This site contains the archives of my travel blogs from 2010-2016.

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Thursday, December 23, 2010

No Journey Wasted

I received a Kindle (Amazon's wonderful wireless reading device) last week as a pre-Christmas gift, and ever since I've been immersing myself daily in books that have been on my "to-read" list for ages. I've named my Kindle "Oscar," after Sesame Street's "Oscar the Grouch," because when it arrived in the mail I immediately looked for a dark, cozy, small place to curl up and read. 

Oscar and I have become great friends. He can hold up to 3,500 books, can you believe it? Perfect for travelling. And the books I buy on Amazon are delivered to my Kindle in under 60 seconds. Amazing. 

My second pre-Christmas gift from this very good friend was the autobiography published this year by the one man I would consider my "celebrity role model."  I first read Huston Smith during my third term at Rogue Community College. I was young -- I had just celebrated my sixteenth birthday -- but devoured the assigned reading for my Intro to World Religions course more vigorously than most of the older students. Concurrently enrolled in an Intro to Anthropology course, I was enthralled with the connections I could draw between the two courses, and reveled in the discovery of parallel theories. I had uncovered one of my true passions: the study of world cultures.  

Religion plays a prominent role in any culture. Practiced, unpracticed, official or informal, government-sanctioned or outlawed -- the belief systems of societies and individuals are key to understanding their respective ideals, laws, and norms. I see spiritual conviction as the underlying catalyst for our pursuit of meaning in life. As such, I feel that I can't truly know a friend until I know -- really know -- what they believe. 

What I found in Huston Smith's World Religions was a breath of fresh air.  An exuberant, deep, and nonjudgmental discussion of the good in each of seven major world religions: Hinduism, Buddhism, Confucianism, Taoism, Islam, Judaism, and Christianity. Dr. Smith's unbiased focus on the positive contributions of each "wisdom tradition" was exactly what I sought, exactly what a young, impressionable mind needed to be encouraged to pursue her dreams to travel and explore the world. You see, having spent twelve weeks learning about all the good in the world, I left immediately on my first journey (as an exchange student in Belgium for a year) with no reason to fear anyone or anything I might encounter.  I had never met a Hindu, a Taoist, or a Muslim, and yet my knowledge of the good aspects of their most sacred beliefs equipped me with a curiosity and "believe the best" mindset towards everyone I met that may have been the key to my success as an exchange student.  I returned home with many friends from whom I learned a lifetime of lessons about knowing and loving people whose beliefs and convictions you may never share. Subconsciously, I had adopted Dr. Smith's method of looking for the good. I count this as one of my best qualities and hope never to lose it. 

So now I have read one-third of Huston Smith's autobiography in one night.  I had to stop myself. I want to savour this, take it in page by page and really absorb it.  I will certainly read it again (and again and again and again), but I want to remember my "first impression" thoughts as I turn each page for the first time.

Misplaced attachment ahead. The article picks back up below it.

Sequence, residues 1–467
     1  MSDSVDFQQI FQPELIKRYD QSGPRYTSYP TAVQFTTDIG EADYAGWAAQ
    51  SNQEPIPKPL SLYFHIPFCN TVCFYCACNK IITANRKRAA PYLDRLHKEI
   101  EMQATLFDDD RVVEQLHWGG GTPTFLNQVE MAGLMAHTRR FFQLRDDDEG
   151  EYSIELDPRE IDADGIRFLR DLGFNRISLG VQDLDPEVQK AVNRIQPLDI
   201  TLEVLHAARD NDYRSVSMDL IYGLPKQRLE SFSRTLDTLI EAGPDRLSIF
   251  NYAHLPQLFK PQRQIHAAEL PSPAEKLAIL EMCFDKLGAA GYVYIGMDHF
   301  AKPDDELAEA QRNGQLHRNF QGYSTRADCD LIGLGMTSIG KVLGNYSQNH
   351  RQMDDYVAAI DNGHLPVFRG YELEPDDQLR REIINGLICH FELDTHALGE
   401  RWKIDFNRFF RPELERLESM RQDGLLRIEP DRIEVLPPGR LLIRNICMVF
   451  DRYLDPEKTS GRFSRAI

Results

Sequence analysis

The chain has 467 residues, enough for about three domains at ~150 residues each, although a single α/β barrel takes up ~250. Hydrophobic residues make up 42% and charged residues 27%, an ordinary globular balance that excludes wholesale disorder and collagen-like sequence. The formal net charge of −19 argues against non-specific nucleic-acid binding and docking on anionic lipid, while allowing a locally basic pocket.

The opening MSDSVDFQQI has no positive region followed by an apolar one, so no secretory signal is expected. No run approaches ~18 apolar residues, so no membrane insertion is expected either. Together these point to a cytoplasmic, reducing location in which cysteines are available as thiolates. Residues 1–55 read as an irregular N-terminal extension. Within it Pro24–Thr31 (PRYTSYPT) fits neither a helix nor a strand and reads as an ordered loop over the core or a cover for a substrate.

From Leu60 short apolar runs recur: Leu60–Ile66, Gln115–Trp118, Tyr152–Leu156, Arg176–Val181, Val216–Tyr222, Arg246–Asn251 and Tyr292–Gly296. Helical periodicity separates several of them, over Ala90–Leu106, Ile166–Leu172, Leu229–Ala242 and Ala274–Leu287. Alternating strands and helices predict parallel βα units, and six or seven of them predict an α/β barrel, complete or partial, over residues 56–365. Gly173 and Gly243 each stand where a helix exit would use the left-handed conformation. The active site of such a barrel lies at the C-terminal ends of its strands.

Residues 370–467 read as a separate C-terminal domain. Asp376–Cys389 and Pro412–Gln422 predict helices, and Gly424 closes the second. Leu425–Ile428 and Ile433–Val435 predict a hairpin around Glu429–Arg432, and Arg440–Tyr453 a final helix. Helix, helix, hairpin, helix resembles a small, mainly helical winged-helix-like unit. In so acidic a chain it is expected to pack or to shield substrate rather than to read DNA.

One such "first impression" has resulted in the new title of this blog. In the first chapter, Dr. Smith shares some of the titles he rejected in the process of naming his autobiography.  His second veto resonated strongly with me: No Wasted Journey. Smith references Socrates' last words before succumbing to hemlock poisoning. Smith paraphrases,

"Either death will be a peaceful sleep, or better yet, Socrates said, we will travel to Hades and meet 'the heroes of old who lived just lives in their day. No wasted journey, that.'"

The phrase no wasted journey "pierced me like an arrow," Smith writes. "I was a young man and felt I could not live without seeing every marvel the world offered. And usually when not teaching I was to be found, unpredictably, on one of the six continents (never Antarctica) on some journey seeing some of the world's wonder."

With these words he expresses my exact sentiment. I want to experience and discover it all! And so, inspired by Socrates and Huston Smith, I've renamed my blog No Journey Wasted. It's a slight twist on the original, but I feel that this grammatical rearrangement better conveys my intention of finding the good in every journey. I have been on several interesting journeys, some of which have taken unexpected and sometimes largely unfavorable turns. Yet I can truly say that there has been no journey wasted.  I have loved some and learned from all.  I expect the one at hand to be no different.  Please join me as we journey to Eurasia this semester!


  1. Great thoughts. You would enjoy reading THE WAY OF THE PILGRIM. It is about a Russian man who takes a journey all over his country in search of spiritual wisdom. He finds it with the help of a Russian Orthodox starets. Huston Smith writes the book's beautiful foreword.


  2. Great thoughts. You would enjoy THE WAY OF THE PILGRIM. Huston Smith writes it's foreword. It is about a Russian man's journey through his country to find spiritual wisdom. He finds it with the help of Starets. It would be an appropriate addition to Oscar before your Russian adventure!

  3. Thanks for the recommendation, Joel! I've added the book to my Amazon Wishlist and I look forward to reading it.

    Merry Christmas :)


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